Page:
By Claudette Roulo
DoD News, Defense Media Activity
WASHINGTON, Feb. 13, 2015 – An attempt by 20 to 25 Islamic State of Iraq and the Levant fighters to attack al Asad Air Base in Iraq was repulsed by “ready and able” Iraqi security forces, the Pentagon press secretary said today.
“The attempted attack was led, we believe, by at least several … suicide attackers,” Navy Rear Adm. John Kirby said. Early indications are that some of the attackers did detonate their vests, he noted, and the suicide attackers were followed by a second wave of about 15 fighters.
The admiral said the fighters reached the perimeter of the base, located in the Anbar province in western Iraq. “They were immediately engaged by members of the Iraqi army -- the 7th Infantry of the Iraqi army,” he added.
No coalition forces were injured in the attack, nor is there indication of Iraqi casualties, Kirby said.
Al Asad is a sprawling facility, he said. “It's basically a base of many, many bases inside. And at no time were U.S. troops anywhere near the fighting -- at least a couple of miles away. So, they might've heard shots being fired, but that would've been about it,” the admiral said.
U.S. troops are at al Asad as part of the train, advise and assist mission, Kirby said. He said that if the troops were to come under fire, they are authorized and equipped to defend themselves.
Iraqi Troops Pressure ISIL
In one of their first successes in months, Kirby said, earlier this week ISIL forces took the town of al Baghdadi, also in Anbar province. But, he noted, Iraqi security forces continue to operate throughout the region, putting pressure on ISIL forces.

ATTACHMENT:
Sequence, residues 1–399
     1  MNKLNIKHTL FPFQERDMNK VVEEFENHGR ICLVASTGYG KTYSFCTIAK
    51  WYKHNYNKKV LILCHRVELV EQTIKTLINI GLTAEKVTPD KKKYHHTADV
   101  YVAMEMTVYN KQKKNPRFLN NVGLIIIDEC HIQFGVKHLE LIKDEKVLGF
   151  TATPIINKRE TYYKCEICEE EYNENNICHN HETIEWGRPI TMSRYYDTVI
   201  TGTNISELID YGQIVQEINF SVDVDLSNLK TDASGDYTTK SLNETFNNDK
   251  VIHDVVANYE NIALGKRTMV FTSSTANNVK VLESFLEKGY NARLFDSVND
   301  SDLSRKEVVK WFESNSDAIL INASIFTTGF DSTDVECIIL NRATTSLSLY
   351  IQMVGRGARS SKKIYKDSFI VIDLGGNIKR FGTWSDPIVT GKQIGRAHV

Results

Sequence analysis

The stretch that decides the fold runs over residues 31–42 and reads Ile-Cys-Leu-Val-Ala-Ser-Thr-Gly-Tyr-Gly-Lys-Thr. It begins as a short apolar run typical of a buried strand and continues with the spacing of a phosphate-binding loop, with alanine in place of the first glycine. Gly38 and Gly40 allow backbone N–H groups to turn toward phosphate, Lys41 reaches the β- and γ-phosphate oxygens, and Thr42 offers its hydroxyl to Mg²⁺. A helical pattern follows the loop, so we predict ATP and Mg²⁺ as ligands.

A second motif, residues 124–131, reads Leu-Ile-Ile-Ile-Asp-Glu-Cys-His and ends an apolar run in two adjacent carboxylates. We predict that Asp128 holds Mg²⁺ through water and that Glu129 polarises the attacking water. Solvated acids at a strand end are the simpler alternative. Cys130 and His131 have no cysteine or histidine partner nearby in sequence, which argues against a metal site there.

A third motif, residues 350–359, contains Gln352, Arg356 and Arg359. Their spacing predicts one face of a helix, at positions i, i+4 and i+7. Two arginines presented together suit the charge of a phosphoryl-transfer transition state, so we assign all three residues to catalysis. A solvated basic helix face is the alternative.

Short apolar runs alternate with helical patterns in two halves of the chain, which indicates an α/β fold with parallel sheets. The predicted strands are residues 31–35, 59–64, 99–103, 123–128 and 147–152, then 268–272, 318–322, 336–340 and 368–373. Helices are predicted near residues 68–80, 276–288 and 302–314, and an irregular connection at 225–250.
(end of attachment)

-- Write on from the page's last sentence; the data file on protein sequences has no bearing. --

“Nobody has underestimated, and we've all been very honest about the continued threat that this group poses, which is why we have to take it so seriously, which is why this advise and assist mission is so important,” the admiral said.
“When you look at what happened today, I think it proves that Iraqi security forces can fight effectively and can defend territory and ground when they're ready and they're able. And in this case, they were ready and able,” he said.
ISIL Steals to Survive
It’s important to keep the events in Anbar in perspective, Kirby said. The list released earlier this week by U.S. Central Command of destroyed ISIL equipment and vehicles is significant given ISIL’s limited ability to reconstitute their supplies.
“It's not like they've got, you know, a ready supply chain of armored personnel carriers just streaming across, and, you know, manufacturing capability to replace this stuff,” the admiral said. “It's not like they've got a team full of mechanics that can keep them running after they've been hit and broken.”
Kirby added, “These guys steal to survive. I mean, one of their chief sources of income is stolen money. They just move into an area and basically rob banks. And that's how they get a lot of their money. And when they're not capturing new territory, they're not robbing a whole lot of new banks.
“So there's a shelf life here on their material capability,” he continued. “They do not have the ability to reconstitute strength the way a normal armed force would.”